Empathy Update

 

 

 

 

 

 

 

 

 

So some people believe that everything happens for a reason. And others believe in serendipity*.
Either way I had to chuckle today at home cell. The topic for the evening was ‘Seek first to understand, then to be understood. I turned over the page and the first task was to: ‘Take a few minutes to discuss the difference between empathy and sympathy‘. Divine intervention or coincidence – you decide!

Whether emapthetic or sympathetic, both require us to at least hear the other person’s story first by listening. I don’t know about you, but I sometimes get myself into trouble by assuming things. Assuming what someone’s going to say, how they’re feeling, what they’re expecting, etc. Assuming things means we’re not effectively listening. When we are truly interested in what someone is saying, 3 important things happen:
– We give them a sense of self-worth
– Trust is built up
– We can decide what to do on the basis of knowledge rather than assumption or ignorance
Important, no?

If it’s so important, why do we find it so difficult to listen with empathy?
Pick one or all that apply…
– Desire to be appreciated for offering a wise solution
– Insufficient time to give or impatience
– Need to defend your position
– Feeling of superiority
– Distractions like noise, movement or thoughts
– Assuming you know what the person’s going to say
– Been there, done that – let me tell you about me
– Thinking of your reply
We can all probably pick at least one that we could work on if we’re honest.

*Serendipity = The occurrence and development of events by chance in a happy or beneficial way.

12 thoughts on “Empathy Update

  1. Hi Alexa. I like the list you’ve given for why it’s sometimes hard to really listen to someone. I think that, if I’m honest, I’m probably most commonly guilty of wanting to be appreciated for having a great response to what someone is saying. I think we could spend ages talking about “listening” with the students but I worry that they’d look at me like I was an idiot, thinking, “But we know how to listen. We’re listening right now”. How could we build something so important and complex into an undergraduate module?

    • Yup listening and hearing are 2 different things! I know it’s a difficult thing to get across, especially at undergrad level. All the clinical knowledge seems to be the most important to cram into students’ minds that there’s hardly enough time for things like ‘listening’ or ’empathy’. But they’re such important life skills. I wonder how different/effective Physio’s would be if the undergrad level was focused on those type of skills?
      Personally, a lot of my learning to ‘listen’ came from going on the OMT1 (Orthopaedic Manipulative Therapy, for others reading this) course. I’ve since been practicing to listen to patients, but also in my personal relationships. That’s sometimes even harder!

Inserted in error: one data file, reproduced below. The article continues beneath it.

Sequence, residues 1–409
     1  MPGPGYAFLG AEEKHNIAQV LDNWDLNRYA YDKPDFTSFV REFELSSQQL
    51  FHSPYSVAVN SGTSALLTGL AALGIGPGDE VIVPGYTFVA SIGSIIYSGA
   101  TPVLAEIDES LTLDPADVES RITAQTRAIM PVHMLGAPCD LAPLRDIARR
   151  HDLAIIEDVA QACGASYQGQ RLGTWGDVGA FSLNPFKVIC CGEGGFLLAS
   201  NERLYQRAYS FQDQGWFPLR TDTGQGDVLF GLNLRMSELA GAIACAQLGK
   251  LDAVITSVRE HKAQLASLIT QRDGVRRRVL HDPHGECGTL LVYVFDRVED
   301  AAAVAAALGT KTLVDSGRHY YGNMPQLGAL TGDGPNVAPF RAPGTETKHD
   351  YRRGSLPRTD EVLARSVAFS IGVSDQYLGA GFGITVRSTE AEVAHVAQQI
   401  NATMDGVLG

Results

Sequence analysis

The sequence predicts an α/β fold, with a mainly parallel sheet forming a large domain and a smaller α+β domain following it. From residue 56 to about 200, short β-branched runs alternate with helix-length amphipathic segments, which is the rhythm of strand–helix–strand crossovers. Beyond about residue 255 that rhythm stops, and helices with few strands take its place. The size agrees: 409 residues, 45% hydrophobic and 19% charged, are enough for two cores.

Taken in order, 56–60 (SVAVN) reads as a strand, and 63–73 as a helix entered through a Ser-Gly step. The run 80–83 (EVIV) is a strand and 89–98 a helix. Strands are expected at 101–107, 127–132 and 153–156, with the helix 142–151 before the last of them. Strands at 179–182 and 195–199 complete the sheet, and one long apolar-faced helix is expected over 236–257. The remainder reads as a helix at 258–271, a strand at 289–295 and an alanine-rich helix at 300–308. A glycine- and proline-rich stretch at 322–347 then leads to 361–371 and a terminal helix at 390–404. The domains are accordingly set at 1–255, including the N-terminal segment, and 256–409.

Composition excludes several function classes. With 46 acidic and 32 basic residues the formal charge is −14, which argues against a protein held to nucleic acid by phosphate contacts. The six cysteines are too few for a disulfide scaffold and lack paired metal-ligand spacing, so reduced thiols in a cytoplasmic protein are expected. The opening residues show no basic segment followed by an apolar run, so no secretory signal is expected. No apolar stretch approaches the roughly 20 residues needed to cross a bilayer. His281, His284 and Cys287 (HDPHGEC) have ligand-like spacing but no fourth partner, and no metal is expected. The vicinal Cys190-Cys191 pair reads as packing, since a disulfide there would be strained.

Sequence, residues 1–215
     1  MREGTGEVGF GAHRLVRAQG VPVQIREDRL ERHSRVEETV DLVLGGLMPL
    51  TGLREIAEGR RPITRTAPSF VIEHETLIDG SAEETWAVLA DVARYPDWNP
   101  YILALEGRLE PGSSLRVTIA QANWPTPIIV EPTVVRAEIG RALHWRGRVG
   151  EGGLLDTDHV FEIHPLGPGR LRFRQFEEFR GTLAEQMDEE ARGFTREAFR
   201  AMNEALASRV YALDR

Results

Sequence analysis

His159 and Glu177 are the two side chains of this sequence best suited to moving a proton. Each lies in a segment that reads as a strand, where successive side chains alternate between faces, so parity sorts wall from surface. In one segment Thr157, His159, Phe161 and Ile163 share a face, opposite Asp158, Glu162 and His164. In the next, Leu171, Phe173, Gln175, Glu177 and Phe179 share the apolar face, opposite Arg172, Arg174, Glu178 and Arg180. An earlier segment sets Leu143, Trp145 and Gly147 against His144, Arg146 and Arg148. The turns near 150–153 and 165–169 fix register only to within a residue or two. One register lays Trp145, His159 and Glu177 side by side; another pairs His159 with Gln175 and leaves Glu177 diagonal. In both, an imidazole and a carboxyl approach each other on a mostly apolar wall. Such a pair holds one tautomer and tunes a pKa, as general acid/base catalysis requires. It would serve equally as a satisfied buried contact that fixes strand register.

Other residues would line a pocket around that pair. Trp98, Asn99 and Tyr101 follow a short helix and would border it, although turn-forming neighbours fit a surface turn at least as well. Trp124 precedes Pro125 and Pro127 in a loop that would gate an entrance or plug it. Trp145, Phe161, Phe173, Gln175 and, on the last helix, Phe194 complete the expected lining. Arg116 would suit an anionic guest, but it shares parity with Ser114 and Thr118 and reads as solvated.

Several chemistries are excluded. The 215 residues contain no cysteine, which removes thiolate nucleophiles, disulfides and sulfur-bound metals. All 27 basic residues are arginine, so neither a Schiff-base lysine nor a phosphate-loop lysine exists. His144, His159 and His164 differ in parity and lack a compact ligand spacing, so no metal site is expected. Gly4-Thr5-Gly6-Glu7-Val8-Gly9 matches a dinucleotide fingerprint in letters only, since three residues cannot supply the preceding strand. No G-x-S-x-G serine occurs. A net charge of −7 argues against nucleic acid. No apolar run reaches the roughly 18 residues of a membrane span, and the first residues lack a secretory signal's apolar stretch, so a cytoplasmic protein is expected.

• I’m in the process of trying to design different approaches to the undergrad curriculum in ways that not only acknowledge the role of complex characteristics (like empathy and compassion), but that actually put them centre stage. I think that the technical skills and clinical knowledge are important and that they should be valued but that they are “easy” to teach. I can show a student how to do a muscle length test in 2 minutes, but developing compassion…that’s a bigger project.

      • Sounds like you enjoy challenges, that sounds great! In the clinical world after varsity (even though to some there seems no end in sight!), what separates good Physio’s from great Physio’s is HOW they interact with their patients. If Physio A and Physio B know the same methods/techniques/theory, the difference comes in the delivery. A patient buys into the treatment because they feel heard, understood and part of the decision making process. If you got taught the ‘how’ at varsity… well then!

  2. Hi
    I am only now doing the first week of the course and it took me a whole day to set up with some help from my friends. I really enjoyed the reflections of this dialogue and wish that I was aware of the course from the beginning as I am now trying to catch up.
    It is so easy to be locked up in your own thoughts and assumptions as you put so well, Alexa, and I am so guilty of this.

    • Welcome Angela!
      It must be a bit overwhelming starting halfway through but it’s worth it! I’ve been learning a lot and its been so interesting. Hopefully we’ll all have expanded our world view by the end of this!
      Alexa

    • Hi Angela. It’s great to see you interacting already. I just wanted to really highlight that there’s no rush for you to catch up. The SASP participants are going to be running on a different timeline to take into account the fact that the course was delayed in being accredited. It’s going to finish in the middle of September for SASP participants, as opposed to the end of August.

  3. Pingback: Topic of the week: Empathy | SnapShotTempo AKA The Mosiac Poet

  4. Pingback: Empathy | pdinspire

Leave a Reply

Fill in your details below or click an icon to log in:

WordPress.com Logo

You are commenting using your WordPress.com account. Log Out /  Change )

Twitter picture

You are commenting using your Twitter account. Log Out /  Change )

Facebook photo

You are commenting using your Facebook account. Log Out /  Change )

Connecting to %s